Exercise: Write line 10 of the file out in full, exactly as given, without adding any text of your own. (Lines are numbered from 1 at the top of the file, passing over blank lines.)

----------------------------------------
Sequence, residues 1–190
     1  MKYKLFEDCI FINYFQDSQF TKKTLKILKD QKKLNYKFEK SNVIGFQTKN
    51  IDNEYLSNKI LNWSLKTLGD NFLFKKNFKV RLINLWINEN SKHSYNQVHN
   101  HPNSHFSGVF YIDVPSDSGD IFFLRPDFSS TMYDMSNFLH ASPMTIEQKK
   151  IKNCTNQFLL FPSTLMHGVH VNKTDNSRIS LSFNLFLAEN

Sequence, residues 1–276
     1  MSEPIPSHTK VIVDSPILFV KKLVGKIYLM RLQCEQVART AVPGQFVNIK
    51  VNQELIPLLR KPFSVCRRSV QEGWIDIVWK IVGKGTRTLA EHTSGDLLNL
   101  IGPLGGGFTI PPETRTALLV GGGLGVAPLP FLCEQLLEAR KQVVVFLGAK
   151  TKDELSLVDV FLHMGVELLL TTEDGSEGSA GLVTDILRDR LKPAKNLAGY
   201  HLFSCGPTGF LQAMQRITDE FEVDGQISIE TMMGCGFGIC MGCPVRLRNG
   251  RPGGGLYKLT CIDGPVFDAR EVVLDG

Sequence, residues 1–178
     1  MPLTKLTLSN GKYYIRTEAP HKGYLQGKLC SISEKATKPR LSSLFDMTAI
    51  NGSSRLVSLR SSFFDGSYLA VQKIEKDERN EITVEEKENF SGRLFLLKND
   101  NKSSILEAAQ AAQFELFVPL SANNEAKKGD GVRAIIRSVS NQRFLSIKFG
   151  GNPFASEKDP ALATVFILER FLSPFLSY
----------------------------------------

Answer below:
   151  TKDELSLVDV FLHMGVELLL TTEDGSEGSA GLVTDILRDR LKPAKNLAGY